Intended for healthcare professionals


Preventing recurrent coronary heart disease

BMJ 1998; 316 doi: (Published 09 May 1998) Cite this as: BMJ 1998;316:1400

We need to attend more to implementing evidence based practice

  1. Trudy van der Weijden, Senior researcher (Trudy.vanderWeijden{at},
  2. Richard Grol, Professor
  1. Centre for Quality of Care Research, Department of General Practice, Universities of Maastricht amd Nijmegen, the Netherlands

    General practice pp 1430, 1434

    Following the publication of several recent large studies (4S, CARE, and WOSCOPS), there is little doubt about the importance of prevention in patients with coronary heart disease, though controversy still exists about its value in patients without symptoms. General practitioners are in a favourable position to take on the task of secondary prevention, since most have a continuing relationship with their patients, and these patient contacts offer opportunities for measuring cardiovascular risk factors. Nevertheless, preventive care in general practice is haphazard, 1 2 and in this issue Campbell et al confirm this shortfall (p 1430).3 The question that therefore arises is how to implement the new evidence on preventing coronary heart disease effectively in general practice.

    An audit in 95 practices in the Netherlands showed that many general practitioners had a critical attitude towards integrating prevention into practice4 and that few practices were sufficiently well organised to provide effective preventive services. Thus, efforts to implement prevention should be directed both at individual general practitioners and at the organisation of services. A controlled trial in these 95 practices studied the effects on the organisation of cardiovascular preventive care of visits to practices by facilitators, who trained practice nurses to set up preventive clinics.5 Compared with practices which just received feedback on their preventive care, the intervention practices improved care significantly, both the way it was organised and the recording of cardiovascular risk factors.

    In a well designed and encouraging study in 19 general practices in Scotland, again by Campbell et al (p 1434),6 implementation of preventive care for patients with coronary heart disease was also achieved by such an organisational measure. Almost 2000 patients were identified, and 71% agreed to be randomised. Half were invited to attend nurse led prevention clinics (attendance rate 82%); the other half received usual care. Within a year the intervention group showed important benefits. Nevertheless, some questions emerge from this study.

    Firstly, are the benefits of the drug interventions—aspirin, β blockers, angiotensin converting enzyme inhibitors—additive? Since the interaction between these drugs is not established, it is possible that current candidates for cholesterol lowering drugs might not need such treatment if they had received adequate alternative intervention targeted at other risk factors.7 Secondly, the fact that nearly a third of the patients did not wish to participate in the trial, and that 18% of invited patients did not attend the clinic, is worrying. There might be a selection bias in favour of more motivated patients, and patients of lower socioeconomic status—already a vulnerable group8—might be overrepresented among non-participants. A complementary strategy through case finding seems necessary to reach all patients with coronary heart disease. The literature on implementing evidence based change tells us that multifaceted interventions, targeted at specific obstacles to change, are effective in inducing change. 9 10 Because the traditional ways of organisation within general practice seem to be an obstacle to efficient prevention, giving a central role to nurses or practice assistants may be an effective approach. However, we need to evaluate these new models.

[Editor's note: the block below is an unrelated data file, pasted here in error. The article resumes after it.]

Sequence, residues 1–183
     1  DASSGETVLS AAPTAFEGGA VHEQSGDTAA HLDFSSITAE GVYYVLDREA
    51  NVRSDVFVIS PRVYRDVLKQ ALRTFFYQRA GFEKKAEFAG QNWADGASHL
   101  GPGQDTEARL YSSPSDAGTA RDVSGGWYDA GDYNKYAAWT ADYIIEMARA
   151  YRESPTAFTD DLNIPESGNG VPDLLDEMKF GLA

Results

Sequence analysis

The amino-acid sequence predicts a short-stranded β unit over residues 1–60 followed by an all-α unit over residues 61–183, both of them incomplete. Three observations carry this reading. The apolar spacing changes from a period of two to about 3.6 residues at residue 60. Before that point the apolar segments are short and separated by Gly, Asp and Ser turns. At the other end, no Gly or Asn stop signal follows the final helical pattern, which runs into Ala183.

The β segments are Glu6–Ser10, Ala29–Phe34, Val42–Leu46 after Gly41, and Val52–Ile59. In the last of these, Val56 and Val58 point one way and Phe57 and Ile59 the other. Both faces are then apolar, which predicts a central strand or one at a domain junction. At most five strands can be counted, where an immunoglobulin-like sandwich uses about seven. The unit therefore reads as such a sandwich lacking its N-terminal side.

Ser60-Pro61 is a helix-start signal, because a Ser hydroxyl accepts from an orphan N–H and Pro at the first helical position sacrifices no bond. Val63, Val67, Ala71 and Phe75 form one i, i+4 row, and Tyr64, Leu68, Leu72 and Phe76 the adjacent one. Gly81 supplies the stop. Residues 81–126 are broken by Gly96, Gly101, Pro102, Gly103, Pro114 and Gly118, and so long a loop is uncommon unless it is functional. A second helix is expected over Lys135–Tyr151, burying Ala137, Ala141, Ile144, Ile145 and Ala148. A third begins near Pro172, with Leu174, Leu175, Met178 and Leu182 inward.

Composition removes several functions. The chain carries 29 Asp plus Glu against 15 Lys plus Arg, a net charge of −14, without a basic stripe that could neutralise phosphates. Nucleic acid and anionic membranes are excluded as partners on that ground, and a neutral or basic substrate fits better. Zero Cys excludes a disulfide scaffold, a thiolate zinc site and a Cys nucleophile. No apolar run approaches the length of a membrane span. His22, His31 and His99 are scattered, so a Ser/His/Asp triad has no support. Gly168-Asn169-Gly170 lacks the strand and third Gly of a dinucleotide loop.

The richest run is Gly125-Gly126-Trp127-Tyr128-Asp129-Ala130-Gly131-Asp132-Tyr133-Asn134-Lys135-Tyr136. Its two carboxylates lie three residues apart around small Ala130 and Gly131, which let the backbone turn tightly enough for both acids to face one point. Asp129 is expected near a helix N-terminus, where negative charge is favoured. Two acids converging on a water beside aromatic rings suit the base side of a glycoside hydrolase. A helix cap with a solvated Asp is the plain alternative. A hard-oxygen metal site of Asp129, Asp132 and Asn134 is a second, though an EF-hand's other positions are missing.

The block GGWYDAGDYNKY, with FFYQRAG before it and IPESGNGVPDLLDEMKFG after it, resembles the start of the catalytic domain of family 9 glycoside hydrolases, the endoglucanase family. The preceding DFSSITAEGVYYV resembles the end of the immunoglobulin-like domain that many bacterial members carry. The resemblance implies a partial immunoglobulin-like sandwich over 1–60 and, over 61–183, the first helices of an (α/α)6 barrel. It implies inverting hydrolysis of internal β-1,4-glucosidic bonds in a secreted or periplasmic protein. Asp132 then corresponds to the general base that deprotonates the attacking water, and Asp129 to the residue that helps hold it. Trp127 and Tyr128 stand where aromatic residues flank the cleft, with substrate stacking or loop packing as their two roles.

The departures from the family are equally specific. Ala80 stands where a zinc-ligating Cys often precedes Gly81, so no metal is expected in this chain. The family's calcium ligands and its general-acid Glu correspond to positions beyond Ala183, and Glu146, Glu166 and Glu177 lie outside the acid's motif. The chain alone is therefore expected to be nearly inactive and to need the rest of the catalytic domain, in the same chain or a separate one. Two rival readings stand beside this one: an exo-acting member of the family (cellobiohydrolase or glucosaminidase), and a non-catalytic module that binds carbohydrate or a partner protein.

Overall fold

How, therefore, might we evaluate a preventive strategy that combines nurse led clinics and case finding by the general practitioner? Firstly, it is questionable whether randomisation and analysis at patient level, as was done in Campbell and colleagues' study, is adequate in this type of study. Individual professionals' behaviour influences patient management to the extent that patients seen by the same professional cannot be assumed to be independent, and therefore the professional should be the unit of analysis and thus the unit of randomisation. Moreover, patients in the control group may try to cross over to the intervention group, or general practitioners may improve their care for all patients. To compare the effect on different groups of patients, randomisation, or at least equivalence, at the level of the practice or individual practitioner should be achieved.

    Secondly, studies should describe variances between and within practices, general practitioner and patient characteristics, and any local problems at the interface between primary and secondary care because these might help clarify suboptimal medical management. Thirdly, implementation methods should be cost effective. The balance between the costs of nurse led clinics and their effects should be determined. Costs are usually influenced by local factors, and therefore the external validity of study findings needs to be discussed. In the study of Campbell et al the high incidence of coronary heart disease in Scotland and the discussion of the WOSCOPS study in the media might have had an extra motivating effect on patients, nurses, and doctors. Evidence based guidelines on preventing coronary heart disease in general practice need to be complemented by evidence based implementation.10


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